Hilchos Rechilus, chapter 9, section 13
Everything we said only applies if one knows that the cheated person will go to beis din and act according to Torah law. But if one knows he will do as he pleases by seizing the cheat’s property, returning the merchandise, or not paying him what is still owing without sanction of a beis din, one should not tell him. For to avoid rechilus requires three conditions:
a) The informer who tells the person he was cheated must know the story first hand and not from others.
b) There must be two informers.
c) That the cheat loses no more than what the Torah demands. If one knows that the cheated person will make him lose more, one may not tell him anything.
Together with the first five conditions there are now eight conditions, and it is rare for them all to be fulfilled. Even if they are fulfilled, the informers will be helping the cheated person do a transgression even if they are many, unless they testified in beis din and the beis din allowed him to seek redress as explained earlier in chapter 6 paragraphs 9 and 10. Therefore, one must be careful about this. See paragraph 6 earlier.
Now, my brother, see how many people stumble in this matter. When someone buys something and halachically acquires it by moving it (meshichah) and asks someone if it was worth the price, the person not only doesn’t praise it, but tells the buyer he was cheated without even knowing the market price, for the price can often change in a short time. One also needs to know if the amount he overpaid was enough to consider he was cheated according to Torah law and whether enough time passed for him to show it to a merchant or relative. Otherwise, there is no benefit in what one said. It only causes hatred and counts as rechilus.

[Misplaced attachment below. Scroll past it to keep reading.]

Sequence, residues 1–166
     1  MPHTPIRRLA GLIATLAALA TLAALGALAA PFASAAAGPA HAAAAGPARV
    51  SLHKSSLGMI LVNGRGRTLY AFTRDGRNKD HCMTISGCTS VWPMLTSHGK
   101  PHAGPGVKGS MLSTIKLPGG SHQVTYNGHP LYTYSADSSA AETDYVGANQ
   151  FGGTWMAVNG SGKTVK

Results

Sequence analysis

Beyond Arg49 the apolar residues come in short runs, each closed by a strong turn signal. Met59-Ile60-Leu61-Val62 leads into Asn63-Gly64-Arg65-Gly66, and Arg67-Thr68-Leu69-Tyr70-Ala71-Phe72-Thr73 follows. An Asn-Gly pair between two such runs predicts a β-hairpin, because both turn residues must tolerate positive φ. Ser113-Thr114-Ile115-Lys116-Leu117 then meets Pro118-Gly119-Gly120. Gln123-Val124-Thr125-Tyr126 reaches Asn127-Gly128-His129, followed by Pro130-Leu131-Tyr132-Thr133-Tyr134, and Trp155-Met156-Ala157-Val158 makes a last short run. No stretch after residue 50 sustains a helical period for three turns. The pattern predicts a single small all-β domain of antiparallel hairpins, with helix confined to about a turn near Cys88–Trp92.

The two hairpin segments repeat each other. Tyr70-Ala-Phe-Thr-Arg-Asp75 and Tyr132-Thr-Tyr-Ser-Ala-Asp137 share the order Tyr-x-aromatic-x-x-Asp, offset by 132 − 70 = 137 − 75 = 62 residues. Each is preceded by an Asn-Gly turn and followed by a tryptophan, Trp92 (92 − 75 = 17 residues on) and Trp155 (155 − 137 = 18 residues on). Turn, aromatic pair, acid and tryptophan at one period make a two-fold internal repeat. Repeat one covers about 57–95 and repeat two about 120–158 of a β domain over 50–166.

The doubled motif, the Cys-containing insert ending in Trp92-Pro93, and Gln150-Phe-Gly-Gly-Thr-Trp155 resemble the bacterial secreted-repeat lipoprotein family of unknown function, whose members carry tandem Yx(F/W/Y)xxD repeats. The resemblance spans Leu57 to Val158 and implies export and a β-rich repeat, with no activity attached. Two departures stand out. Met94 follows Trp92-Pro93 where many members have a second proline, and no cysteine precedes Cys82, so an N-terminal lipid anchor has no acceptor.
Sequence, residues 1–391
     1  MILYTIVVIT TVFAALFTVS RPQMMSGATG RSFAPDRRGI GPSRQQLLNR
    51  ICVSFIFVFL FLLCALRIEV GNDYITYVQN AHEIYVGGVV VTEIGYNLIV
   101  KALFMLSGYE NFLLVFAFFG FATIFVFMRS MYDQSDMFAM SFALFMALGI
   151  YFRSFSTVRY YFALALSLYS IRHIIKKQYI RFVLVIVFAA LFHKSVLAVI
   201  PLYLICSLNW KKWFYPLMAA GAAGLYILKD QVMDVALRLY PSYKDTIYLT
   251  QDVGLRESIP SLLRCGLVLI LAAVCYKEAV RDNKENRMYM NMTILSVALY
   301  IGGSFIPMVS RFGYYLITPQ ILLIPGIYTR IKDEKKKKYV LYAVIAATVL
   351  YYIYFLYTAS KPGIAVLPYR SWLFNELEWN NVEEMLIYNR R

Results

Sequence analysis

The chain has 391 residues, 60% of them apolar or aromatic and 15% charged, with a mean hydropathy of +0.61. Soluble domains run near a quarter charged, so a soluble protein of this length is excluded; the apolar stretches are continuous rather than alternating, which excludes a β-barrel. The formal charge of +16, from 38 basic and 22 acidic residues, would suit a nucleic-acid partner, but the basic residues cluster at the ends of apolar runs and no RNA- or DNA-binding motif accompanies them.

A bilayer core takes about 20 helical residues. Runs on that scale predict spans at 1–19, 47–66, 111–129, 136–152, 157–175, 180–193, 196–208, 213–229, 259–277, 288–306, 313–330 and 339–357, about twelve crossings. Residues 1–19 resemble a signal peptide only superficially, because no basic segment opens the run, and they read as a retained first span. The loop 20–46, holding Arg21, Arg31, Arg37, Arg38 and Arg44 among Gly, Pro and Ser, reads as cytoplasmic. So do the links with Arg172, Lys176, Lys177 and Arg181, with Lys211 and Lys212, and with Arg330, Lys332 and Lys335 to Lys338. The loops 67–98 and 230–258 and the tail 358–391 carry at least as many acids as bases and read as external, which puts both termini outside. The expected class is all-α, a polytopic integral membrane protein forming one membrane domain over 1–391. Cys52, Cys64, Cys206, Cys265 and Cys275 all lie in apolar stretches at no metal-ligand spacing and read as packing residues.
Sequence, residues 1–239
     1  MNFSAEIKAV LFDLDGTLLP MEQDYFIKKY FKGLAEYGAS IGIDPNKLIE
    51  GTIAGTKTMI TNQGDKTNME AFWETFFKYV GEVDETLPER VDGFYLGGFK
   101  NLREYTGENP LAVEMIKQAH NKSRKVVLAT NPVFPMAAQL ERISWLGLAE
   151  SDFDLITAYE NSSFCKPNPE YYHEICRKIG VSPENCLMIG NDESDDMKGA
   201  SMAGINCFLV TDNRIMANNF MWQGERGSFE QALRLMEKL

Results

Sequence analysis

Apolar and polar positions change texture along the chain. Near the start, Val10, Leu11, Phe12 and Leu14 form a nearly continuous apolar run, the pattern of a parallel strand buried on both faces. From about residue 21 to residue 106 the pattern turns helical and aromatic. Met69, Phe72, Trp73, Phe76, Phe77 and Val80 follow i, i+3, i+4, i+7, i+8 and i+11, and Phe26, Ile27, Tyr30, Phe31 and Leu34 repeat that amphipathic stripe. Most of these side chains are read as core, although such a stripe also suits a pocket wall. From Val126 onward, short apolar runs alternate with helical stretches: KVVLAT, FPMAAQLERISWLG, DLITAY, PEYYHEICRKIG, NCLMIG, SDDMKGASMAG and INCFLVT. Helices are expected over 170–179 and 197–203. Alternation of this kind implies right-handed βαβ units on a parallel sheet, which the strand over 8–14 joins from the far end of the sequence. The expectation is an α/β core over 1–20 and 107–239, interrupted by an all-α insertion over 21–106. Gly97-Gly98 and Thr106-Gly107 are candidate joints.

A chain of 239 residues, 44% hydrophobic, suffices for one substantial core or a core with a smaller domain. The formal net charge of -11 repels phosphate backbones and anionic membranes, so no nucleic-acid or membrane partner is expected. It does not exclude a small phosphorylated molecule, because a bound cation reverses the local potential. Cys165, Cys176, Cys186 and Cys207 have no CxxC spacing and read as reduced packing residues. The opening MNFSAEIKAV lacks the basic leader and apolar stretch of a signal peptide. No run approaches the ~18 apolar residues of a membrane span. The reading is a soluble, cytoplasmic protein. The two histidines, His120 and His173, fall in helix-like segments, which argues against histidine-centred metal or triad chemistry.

Sometimes the person saying the seller overpriced merely hated the seller and the article was sold for the correct price. Often, the person incites the buyer to return the item by force or send it back with someone else, or not to pay (which is often against halachah and tantamount to robbery). When he brings the merchandise back and the seller refuses to take it back saying he does not have to, this leads to great quarrels and hatred.
See how many evils the rochel did: He transgressed, Do not go as a rachil among your nation (if he is not careful of what we wrote above) and, Do not put a stumbling block before the blind by advising to return the merchandise contrary to Torah law or causing other losses. He causes controversy and transgresses the negative command, Do not cause distress (lo sonu) one to the other, and many other negative commands that result from controversy. Therefore, one should be very careful not to get involved in such matters unless he carefully ponders all we have written above.